Learning Objectives
design a logic system from a truth table, written description or Boolean algebra expression using combinations of gates;
simplify a logic system using either Boolean algebra or Karnaugh maps;
convert logic systems comprising mixed gates into either NOR or NAND gates only;
describe and explain the operation of combinational logic systems.
Designing a Logic System
In Tutorial 9 we saw the principles of simple logic design. We saw how we could produce a truth table from a combination of different logic gates. The diagram shows another combination of logic gates:
Complete the truth table.

In drawing up the truth table, we notice that:
C is A inverted, so that when A is a 1, C is a 0 and vice versa.
D is a 1 when both C AND D are a 1.
Q is a 1 when B is a 1.
Now let us do the reverse. We are going to design a circuit having been given a description.
Design a circuit with two inputs A and B that will give an output that is high only when B is high and A is low. 



We can solve a problem if we are given a truth table rather than a written description. Here is another truth table:
A 
B 
Q 
0 
0 
1 
0 
1 
0 
1 
0 
1 
1 
1 
1 


Simplifying Logic Circuits with Boolean Algebra
The methods we have looked at above are OK for very simple systems, but with a more complex system we would find the truth tables very cumbersome, if not impossible. So we can use Boolean algebra, which we first met in Tutorial 9. Let us look at a few of the rules:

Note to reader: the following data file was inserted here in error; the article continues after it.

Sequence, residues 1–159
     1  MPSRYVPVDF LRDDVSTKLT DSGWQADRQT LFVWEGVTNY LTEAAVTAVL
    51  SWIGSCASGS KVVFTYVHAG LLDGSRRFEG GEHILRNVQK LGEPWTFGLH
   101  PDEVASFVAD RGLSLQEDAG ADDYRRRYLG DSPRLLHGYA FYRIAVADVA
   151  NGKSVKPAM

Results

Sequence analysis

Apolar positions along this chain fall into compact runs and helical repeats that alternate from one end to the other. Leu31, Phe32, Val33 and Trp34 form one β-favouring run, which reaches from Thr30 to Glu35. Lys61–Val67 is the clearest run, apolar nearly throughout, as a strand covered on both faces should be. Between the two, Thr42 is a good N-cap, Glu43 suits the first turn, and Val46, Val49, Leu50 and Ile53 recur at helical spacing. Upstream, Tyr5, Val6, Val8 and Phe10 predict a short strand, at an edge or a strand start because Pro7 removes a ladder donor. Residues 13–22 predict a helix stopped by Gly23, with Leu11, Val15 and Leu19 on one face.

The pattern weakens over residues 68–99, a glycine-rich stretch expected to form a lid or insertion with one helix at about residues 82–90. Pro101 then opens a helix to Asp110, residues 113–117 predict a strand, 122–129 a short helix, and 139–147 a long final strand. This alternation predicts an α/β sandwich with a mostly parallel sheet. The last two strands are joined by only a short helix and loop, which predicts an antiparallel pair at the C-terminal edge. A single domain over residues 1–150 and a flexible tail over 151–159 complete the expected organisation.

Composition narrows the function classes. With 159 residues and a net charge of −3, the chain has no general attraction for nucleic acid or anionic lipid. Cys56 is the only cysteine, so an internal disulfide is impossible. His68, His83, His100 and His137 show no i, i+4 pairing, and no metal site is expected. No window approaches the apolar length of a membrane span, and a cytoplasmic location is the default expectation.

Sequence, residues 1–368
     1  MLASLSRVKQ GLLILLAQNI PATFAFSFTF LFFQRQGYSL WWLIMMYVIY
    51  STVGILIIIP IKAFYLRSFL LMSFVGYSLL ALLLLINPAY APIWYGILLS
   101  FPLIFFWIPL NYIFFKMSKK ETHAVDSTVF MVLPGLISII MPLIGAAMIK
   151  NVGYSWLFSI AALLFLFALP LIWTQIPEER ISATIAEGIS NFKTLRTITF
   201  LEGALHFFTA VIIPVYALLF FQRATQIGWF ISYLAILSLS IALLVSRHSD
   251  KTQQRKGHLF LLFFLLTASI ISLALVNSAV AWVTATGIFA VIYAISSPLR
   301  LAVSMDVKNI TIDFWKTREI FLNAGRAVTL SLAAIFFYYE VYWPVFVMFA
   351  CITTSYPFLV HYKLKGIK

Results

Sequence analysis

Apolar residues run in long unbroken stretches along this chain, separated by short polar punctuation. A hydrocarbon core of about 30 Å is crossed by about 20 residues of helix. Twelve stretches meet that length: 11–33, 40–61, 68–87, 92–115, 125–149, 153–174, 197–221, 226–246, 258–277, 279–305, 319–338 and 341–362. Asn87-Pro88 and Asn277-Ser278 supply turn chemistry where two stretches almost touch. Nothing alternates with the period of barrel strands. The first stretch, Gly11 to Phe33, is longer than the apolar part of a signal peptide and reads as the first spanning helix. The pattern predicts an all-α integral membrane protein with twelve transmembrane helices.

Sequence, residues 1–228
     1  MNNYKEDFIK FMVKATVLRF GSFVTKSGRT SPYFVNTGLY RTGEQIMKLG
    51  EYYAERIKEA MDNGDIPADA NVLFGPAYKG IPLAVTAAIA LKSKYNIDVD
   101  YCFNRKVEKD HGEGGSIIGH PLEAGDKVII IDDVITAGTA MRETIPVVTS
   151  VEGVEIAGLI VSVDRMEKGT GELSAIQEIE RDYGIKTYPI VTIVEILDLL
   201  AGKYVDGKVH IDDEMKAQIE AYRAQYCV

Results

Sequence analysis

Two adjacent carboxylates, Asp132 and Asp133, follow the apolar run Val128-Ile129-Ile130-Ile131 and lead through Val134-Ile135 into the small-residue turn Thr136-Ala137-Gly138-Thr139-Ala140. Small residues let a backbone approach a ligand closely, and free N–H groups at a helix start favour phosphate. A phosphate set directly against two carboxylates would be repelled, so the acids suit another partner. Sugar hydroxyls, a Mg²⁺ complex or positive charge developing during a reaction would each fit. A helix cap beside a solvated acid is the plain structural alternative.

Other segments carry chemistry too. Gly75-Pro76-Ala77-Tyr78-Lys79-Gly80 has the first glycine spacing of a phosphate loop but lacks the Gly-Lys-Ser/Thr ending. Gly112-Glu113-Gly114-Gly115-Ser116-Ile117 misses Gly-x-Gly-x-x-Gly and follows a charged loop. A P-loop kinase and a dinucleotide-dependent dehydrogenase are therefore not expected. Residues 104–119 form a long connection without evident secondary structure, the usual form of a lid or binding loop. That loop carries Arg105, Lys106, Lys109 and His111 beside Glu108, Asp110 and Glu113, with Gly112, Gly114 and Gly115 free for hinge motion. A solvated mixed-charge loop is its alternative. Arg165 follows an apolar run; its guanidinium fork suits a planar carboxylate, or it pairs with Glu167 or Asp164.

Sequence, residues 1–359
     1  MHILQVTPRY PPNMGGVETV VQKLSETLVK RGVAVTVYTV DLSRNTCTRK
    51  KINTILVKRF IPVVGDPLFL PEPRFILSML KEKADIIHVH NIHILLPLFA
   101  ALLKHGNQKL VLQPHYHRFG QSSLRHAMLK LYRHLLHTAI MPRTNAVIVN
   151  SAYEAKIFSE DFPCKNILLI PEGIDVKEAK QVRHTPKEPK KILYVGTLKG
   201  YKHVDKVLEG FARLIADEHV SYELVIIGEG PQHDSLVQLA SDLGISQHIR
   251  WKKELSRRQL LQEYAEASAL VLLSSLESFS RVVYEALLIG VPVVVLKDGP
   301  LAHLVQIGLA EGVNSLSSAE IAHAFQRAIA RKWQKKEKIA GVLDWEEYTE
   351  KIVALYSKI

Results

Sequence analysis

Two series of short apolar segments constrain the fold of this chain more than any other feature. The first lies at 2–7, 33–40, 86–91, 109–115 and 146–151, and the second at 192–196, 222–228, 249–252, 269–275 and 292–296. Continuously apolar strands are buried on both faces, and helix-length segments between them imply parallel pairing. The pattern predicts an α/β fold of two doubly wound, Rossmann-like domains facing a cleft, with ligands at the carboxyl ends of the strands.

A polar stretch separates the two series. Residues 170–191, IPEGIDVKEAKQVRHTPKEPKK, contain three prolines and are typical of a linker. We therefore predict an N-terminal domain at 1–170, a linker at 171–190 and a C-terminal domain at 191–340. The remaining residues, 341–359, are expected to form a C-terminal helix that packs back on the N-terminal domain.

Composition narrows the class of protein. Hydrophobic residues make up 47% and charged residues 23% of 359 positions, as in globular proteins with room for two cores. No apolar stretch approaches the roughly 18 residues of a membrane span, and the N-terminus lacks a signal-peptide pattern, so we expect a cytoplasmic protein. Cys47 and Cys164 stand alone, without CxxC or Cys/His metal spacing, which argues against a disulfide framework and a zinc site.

A, B, and Q represent the variables which can only be 1 or 0.
A (“Abar”) is NOT A. If A = 0, A = 1 and vice versa. A is said to be complementary to A.
Important Note: It is impossible using this web editor to place the bar above the A, so I have written the Abar as a white letter on a black background, A. In Word, I have put the bars above the letters using the line drawing function. However it does not copy across at all well. In some questions I have written "Abar". If you can do it any better, then please tell me, and then come and do the edits for me! The double compliment "A barbar" I will write as A¯ ¯.
Go back to Tutorial 9 to revise the basic rules of Boolean Algebra.
A useful property of logic gates is that there is often more than one solution to a problem, and Boolean algebra helps to simplify the expressions required. This allows us to use the minimum number of gates, desirable as that reduces the effort in design and wiring. Here are some laws that will simplify matters:
Name 
What it says 
De Morgan’s First Law 

De Morgan’s Second Law 

Double inversion 

Commutative Laws 
A + B = B + A 
Associative Laws 
A + (B + C) = (A + B) + C

A.(B.C) = (A.B).C 

Distributive Laws 
A .(B + C) = (A.B) + (A.C) 
A + (B.C) = (A + B).(A + C) 

Product of Sums 
(A + B).(A + B) = A.A + A.B + B.A + B.B 
Redundancy 
A.B + A.B.C + A.B.D = A.B 
De Morgan's laws were worked out by the British mathematician, Augustus de Morgan (1806  1871).
There are a lot of laws here, which we will use to simplify the circuit as shown in the example below:
Simplify the Boolean expression for this circuit.

The Boolean expression for this circuit is:
The associative law says:
See where the brackets have moved. Well so what? Look at De Morgan I:
Then De Morgan II gives us:
The double bar gives us a double inversion, so we get:
We can’t get much simpler than this. 
Simplifying Circuits with Karnaugh Maps